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The Visitation and the unborn: A post-Roe reflection

No honest Catholic can pray the “Hail Mary” and support abortion, or finger the Rosary and advocate prenatal killing.

Detail from "The Visitation in the Book of Hours of the Duc de Berry; the 'Magnificat' in Latin" (c. 1412-16) by The Limbourg brothers (Wikipedia)

The Gospel for the Feast of the Visitation features the encounter of four people with each other: Elizabeth and her son John the Baptist, and Mary and her Son Jesus Christ.

Approaching the first anniversary of the overthrow of the murderous regime of Roe et al. v. Wade, we find that the Gospel of this Feast has a number of critical truths for us as we listen to it in the Dobbs era.

First, the Bible’s teaching about the humanity of the unborn. There is no question that the humanity of the unborn child is taught, and not by the Pope, not by a Council, not by Catholics in whom “the dogma lives loudly,” but by the inspired writer of a Christian Gospel who recounts the encounter of two women, blessed in a special way by God, whose reaction to the meeting is guided by God’s grace.

Elizabeth, “filled with the Holy Spirit,” greets Mary and Jesus: “blessed are you among women and blessed is the fruit of your womb” (Lk 1:42). Elizabeth does not greet Mary alone. She greets two guests. And she does so under the inspiration of the Holy Spirit, “the Lord and Giver of Life,” who is responsible in a special way for the circumstances of Mary’s pregnancy but responsible in an “ordinary” way for every pregnancy that occurs.

What do I mean?

No human being can create a soul, that is, the principle which gives life to a body. There are plenty of occasions where a man and a woman engage in sexual intercourse and nothing comes of it in terms of a child. We might say their actions are necessary but not sufficient, because a soul is not a human creation but God’s. Every life that exists comes from the hands of God.

Elizabeth likewise says, “how does it happen that the Mother of my Lord should come to me?” (Lk 1:43). One cannot speak of being a “Mother” unless life exists, because motherhood can only be a relational category: you cannot speak of a “mother” except in relation to another person, a “child.”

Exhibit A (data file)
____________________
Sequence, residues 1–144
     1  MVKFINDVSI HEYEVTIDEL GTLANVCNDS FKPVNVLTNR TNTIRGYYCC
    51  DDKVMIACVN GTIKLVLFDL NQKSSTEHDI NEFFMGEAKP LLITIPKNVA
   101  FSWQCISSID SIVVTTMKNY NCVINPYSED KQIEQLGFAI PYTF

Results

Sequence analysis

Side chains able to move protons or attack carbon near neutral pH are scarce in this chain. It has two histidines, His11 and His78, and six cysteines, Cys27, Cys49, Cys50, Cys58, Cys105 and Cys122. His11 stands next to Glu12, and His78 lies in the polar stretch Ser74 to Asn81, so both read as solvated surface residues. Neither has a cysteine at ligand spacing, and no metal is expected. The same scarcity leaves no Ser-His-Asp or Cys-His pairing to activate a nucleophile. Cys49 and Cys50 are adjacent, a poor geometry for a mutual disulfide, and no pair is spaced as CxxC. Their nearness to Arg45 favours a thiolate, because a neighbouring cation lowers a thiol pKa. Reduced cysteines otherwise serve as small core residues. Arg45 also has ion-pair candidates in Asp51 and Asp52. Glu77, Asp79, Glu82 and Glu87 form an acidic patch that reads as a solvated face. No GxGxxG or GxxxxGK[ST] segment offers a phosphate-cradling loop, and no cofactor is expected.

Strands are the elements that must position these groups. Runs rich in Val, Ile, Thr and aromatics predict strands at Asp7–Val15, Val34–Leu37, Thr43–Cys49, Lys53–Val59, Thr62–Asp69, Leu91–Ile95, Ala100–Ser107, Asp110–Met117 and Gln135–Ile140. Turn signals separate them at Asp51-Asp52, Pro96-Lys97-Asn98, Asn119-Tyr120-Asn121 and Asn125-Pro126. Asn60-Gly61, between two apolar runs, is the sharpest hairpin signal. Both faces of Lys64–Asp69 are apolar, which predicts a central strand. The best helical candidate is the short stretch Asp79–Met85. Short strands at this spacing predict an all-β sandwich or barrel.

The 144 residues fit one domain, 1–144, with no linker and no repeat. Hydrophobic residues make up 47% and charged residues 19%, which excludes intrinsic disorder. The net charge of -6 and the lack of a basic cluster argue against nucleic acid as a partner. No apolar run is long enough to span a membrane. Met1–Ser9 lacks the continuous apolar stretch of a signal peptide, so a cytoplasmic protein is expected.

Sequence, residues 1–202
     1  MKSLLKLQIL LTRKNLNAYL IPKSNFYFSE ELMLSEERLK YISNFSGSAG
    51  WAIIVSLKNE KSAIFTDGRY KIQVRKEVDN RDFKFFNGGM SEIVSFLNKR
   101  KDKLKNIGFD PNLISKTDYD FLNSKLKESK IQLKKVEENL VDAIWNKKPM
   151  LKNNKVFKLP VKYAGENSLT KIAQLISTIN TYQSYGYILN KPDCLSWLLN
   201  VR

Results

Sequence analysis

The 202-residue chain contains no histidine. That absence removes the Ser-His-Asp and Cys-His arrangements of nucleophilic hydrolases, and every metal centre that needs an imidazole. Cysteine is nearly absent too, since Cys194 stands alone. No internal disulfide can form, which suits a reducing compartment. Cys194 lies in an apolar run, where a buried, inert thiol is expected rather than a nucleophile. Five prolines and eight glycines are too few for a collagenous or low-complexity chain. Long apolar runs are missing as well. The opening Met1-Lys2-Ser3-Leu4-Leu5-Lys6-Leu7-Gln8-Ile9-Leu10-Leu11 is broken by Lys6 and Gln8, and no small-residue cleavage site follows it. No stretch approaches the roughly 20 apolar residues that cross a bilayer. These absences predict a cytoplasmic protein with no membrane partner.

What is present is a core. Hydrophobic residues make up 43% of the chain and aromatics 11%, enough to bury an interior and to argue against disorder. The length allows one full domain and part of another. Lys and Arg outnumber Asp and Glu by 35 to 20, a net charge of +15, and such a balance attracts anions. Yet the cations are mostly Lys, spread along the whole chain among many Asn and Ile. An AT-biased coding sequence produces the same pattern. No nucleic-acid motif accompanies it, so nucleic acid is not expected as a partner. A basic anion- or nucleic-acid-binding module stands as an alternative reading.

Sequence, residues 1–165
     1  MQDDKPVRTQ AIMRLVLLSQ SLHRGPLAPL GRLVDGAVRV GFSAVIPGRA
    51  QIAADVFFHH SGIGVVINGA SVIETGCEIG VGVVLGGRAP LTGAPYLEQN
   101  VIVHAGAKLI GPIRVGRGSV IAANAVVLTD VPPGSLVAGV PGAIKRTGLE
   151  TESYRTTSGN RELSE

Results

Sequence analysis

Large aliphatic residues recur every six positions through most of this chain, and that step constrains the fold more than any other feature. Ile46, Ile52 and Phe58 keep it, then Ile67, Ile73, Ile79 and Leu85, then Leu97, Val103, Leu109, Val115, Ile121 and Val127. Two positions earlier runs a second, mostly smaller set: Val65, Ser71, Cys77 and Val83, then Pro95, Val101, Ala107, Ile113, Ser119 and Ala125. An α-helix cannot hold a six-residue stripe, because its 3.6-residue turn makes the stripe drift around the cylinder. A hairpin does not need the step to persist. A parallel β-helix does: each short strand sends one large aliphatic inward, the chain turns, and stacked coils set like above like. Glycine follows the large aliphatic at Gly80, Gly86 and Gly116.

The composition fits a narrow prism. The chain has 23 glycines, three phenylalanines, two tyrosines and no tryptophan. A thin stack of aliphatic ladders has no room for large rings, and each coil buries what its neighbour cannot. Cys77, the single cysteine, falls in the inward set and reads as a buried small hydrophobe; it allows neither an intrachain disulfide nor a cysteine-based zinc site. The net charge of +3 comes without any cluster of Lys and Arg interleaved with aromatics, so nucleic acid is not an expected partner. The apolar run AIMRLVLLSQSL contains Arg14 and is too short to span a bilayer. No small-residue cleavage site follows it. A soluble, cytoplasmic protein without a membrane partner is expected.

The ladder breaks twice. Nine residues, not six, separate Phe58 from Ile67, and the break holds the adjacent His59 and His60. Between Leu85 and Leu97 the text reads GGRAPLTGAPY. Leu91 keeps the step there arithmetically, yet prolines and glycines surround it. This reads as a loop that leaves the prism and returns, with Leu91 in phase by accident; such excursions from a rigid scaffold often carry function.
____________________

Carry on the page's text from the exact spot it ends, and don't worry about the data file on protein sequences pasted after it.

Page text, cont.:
Finally, Elizabeth adds that not only she, but also her baby, were filled with emotion at this visitation: “the moment the sound of your greeting reached my ears, the infant in my womb leapt for joy” (Lk 1:44). Elizabeth does not say “the clump of cells in my womb leapt for joy” or that “the blob of tissue in my womb experienced a muscular movement” (the preferred terminology for pretending a fetal heartbeat isn’t a heartbeat).

Luke uses the word βρέφος—“baby”—for John the Baptist. Luke uses that same word—βρέφος—in 2:12, when the angel applies it to the newborn Jesus whom the shepherds will find “wrapped in swaddling clothes.”

The “Hail Mary” comes right out of Luke 1, with language taken from the Archangel Gabriel’s Annunciation and from Elizabeth’s words at the Visitation. No honest Catholic can pray the “Hail Mary” and support abortion, or finger the Rosary and advocate prenatal killing.

Second, the significance of John’s leap, quite apart from Elizabeth’s remarks about her βρέφος. When Mary is invited by Gabriel to become the Mother of God, he tells her that “Elizabeth, your relative … is [in] the sixth month for she who was called barren” (Lk 1:36). Our liturgical calendar puts the Annunciation in March and the Nativity of John the Baptist in June, so Elizabeth is clearly in her third trimester.

Why is that important? Two reasons:

One, you will hear complaints from abortion advocates that the Dobbs decision overturning Roe is “out-of-touch” because it quotes discussions of medieval law and the 18th-century English jurist William Blackstone. What’s behind that?

Medieval and English law (the law the colonies inherited) attached great attention to “quickening,” i.e., the time when a woman could feel her baby move in her womb, because it established indisputably a living child. That is not to say that the status of the pre-quickening fetus was unimportant, but that “quickening” provided evidentiary proof a baby was alive (and thus, if killed, a crime was committed).

Remember that, until the mid-19th century, the female reproductive system was something of terra incognita, not because of “medical patriarchy” but because it was largely internal and, therefore, its operation largely unobservable in a pre-anesthetic age. It’s not an accident that when 19th-century research expanded medical understanding of the functioning of the female reproductive system, it was doctors who led the campaign in the United States to tighten abortion laws.

An analogical situation occurred in the 1980s, when ultrasound gave women a new “window on the womb.” Women who see their baby “leaping in the womb” are generally less inclined to abortion, which is why Planned Parenthood et al. fight as hard as they do to keep women from seeing the dance of life in their uterus.